- FedEx is ending its ground shipping relationship with Amazon, according to Bloomberg News.
- In recent months, FedEx has made it clear that it views Amazon as a competitor rather than a partner.
- Amazon, meanwhile, has been rapidly scaling up its own logistics infrastructure in a way similar to its Web Services unit.
- Visit Business Insider’s homepage for more stories.
FedEx is ending its ground delivery contract with Amazon when it expires at the end of August, Bloomberg News reported on Wednesday, citing a statement from the shipping service.
The move comes as Amazon works to scale up its own logistics and delivery services, including hiring its own fleet of full-time drivers to deliver packages to Prime customers.
"This change is consistent with our strategy to focus on the broader e-commerce market," FedEx said in the statement to Bloomberg. The company previously ended its US air contract with Amazon in June.
FedEx and Amazon were not immediately available for comment.
Amazon was responsible for just over 1% of FedEx’s sales in 2018. Over the past year, FedEx’s leadership has made it clear that it viewed Amazon as a competitive threat, and not a collaborative partner.
"[We] look at Amazon as a wonderful company and service and they’re a good customer of ours," Smith said in a December earnings call. "We don’t see them as a peer competitor at this point in time. For many reasons, we think it is doubtful that will be the case."
Amazon, meanwhile, is hoping to do the same thing for logistics that it did with cloud computing and web hosting services. Currently, the company’s network is used only for in-house goods, using a massive shipping network that’s already grown fifteen fold — double the rate of sales — over a ten-year period from 2008 to 2018.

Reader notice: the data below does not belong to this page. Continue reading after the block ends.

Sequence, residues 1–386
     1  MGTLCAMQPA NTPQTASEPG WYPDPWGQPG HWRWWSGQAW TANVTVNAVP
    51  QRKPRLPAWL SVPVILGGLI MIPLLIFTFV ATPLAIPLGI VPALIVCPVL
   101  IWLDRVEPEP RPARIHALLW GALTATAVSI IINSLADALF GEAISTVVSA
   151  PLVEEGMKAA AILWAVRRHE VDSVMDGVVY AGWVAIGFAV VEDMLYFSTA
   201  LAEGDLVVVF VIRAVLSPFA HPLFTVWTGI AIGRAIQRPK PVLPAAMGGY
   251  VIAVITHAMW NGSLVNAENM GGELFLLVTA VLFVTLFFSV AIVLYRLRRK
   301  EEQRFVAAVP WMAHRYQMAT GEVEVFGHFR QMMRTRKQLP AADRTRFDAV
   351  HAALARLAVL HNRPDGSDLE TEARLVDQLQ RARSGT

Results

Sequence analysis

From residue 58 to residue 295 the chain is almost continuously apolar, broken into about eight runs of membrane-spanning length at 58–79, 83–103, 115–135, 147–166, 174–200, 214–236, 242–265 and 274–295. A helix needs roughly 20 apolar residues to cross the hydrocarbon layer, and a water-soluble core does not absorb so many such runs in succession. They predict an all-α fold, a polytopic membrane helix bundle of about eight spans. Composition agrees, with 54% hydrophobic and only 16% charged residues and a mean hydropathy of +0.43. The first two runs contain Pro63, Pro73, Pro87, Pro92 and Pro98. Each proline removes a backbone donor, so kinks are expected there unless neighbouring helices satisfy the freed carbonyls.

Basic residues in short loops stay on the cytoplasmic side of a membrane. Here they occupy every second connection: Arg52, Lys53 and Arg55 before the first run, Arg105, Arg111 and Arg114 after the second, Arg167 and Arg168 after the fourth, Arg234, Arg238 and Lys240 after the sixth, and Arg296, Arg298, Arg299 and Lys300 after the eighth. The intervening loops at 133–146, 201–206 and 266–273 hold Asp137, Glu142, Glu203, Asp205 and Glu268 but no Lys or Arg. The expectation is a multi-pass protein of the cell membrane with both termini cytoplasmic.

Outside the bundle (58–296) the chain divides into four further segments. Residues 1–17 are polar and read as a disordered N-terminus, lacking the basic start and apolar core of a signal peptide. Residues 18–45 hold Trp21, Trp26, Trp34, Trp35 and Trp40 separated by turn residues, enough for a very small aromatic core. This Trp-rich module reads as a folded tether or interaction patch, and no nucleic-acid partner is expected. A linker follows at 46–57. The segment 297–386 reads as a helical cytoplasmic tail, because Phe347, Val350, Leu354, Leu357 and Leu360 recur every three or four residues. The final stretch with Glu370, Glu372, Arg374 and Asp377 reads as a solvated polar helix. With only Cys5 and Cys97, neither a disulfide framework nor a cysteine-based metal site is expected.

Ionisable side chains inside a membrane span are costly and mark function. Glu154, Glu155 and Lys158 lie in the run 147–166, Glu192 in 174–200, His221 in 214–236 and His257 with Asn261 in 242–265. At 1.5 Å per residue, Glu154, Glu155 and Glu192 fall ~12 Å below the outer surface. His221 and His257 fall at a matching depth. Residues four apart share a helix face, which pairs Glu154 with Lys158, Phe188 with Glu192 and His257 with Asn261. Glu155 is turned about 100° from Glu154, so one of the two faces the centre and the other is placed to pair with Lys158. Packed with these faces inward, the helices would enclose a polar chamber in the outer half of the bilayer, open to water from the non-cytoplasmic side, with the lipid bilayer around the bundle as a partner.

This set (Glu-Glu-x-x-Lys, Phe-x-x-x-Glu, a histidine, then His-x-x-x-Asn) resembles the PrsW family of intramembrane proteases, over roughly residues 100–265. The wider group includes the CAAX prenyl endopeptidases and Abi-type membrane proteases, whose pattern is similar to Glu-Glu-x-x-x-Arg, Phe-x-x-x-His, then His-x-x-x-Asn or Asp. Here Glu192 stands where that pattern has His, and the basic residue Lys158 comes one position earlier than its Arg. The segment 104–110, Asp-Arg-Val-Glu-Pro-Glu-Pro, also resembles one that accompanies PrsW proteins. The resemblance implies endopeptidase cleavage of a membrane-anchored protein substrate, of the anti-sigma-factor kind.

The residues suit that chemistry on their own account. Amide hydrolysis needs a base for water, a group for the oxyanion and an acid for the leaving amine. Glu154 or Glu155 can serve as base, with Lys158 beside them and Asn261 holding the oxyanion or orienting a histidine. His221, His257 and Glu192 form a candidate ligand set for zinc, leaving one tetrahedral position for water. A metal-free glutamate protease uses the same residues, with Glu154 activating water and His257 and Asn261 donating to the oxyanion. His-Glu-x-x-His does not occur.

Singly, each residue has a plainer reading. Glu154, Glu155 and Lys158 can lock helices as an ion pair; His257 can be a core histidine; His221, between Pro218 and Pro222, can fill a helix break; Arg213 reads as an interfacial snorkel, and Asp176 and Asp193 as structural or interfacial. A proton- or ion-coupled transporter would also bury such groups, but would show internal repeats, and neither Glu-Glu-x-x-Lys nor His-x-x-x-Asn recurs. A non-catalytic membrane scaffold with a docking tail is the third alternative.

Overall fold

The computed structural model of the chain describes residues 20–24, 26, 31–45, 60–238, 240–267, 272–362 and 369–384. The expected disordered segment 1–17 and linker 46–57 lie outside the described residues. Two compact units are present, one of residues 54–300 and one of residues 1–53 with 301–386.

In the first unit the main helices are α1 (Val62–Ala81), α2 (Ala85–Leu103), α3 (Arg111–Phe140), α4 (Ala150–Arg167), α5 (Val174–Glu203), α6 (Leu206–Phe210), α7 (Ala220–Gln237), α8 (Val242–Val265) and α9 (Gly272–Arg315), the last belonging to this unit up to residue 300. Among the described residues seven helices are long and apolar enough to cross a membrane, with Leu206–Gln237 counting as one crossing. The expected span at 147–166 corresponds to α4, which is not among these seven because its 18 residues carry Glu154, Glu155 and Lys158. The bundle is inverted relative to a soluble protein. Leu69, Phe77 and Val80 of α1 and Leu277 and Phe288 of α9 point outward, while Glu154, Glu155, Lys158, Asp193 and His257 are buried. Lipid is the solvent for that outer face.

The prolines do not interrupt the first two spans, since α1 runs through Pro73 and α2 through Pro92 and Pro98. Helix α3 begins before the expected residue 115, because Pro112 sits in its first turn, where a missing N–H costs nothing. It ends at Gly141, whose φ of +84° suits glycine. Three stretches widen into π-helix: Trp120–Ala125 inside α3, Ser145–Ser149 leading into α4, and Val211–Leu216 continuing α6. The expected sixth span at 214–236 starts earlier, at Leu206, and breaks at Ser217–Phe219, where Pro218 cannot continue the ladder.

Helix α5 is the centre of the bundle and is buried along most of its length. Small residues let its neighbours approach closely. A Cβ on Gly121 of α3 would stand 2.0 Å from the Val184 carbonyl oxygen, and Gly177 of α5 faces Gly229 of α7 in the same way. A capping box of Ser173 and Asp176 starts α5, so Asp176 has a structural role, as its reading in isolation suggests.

Industry experts say that, eventually, Amazon would love to offer that network to third-party customers for shipment of any number of other goods, not just those sold on its own platform.
As of now, however, Amazon’s network may not be much of a threat, according to Wall Street analysts. Goldman Sachs estimated in early July that — despite the company’s 70 planes and 10,000 trucks — it could take another $122 billion worth of investment to catch up to the infrastructure leaders UPS and FedEx have built over past decades.
Shares of FedEx and Amazon were largely unchanged in early trading Wednesday following the news.
More logistics news:
- FedEx stopped flying your Amazon Prime packages in June because the partnership wasn’t profitable enough — and UPS has the same problem
- Goldman Sachs says Amazon’s logistics network is hardly a threat to FedEx or UPS. It needs years of new construction and a whopping $122 billion just to catch up.
- FedEx is officially sounding the alarm bells on Amazon after years of laughing off the retail giant’s rapidly building package-delivery empire
- Amazon will now let Alexa users decide if they want the company to listen in on their conversations for testing purposes
- A Tesla Model 3’s dash camera captured a man jumping on the hood and smashing its windshield
- Every vehicle Amazon uses to deliver packages in its exploding logistics empire, including autonomous land and air robots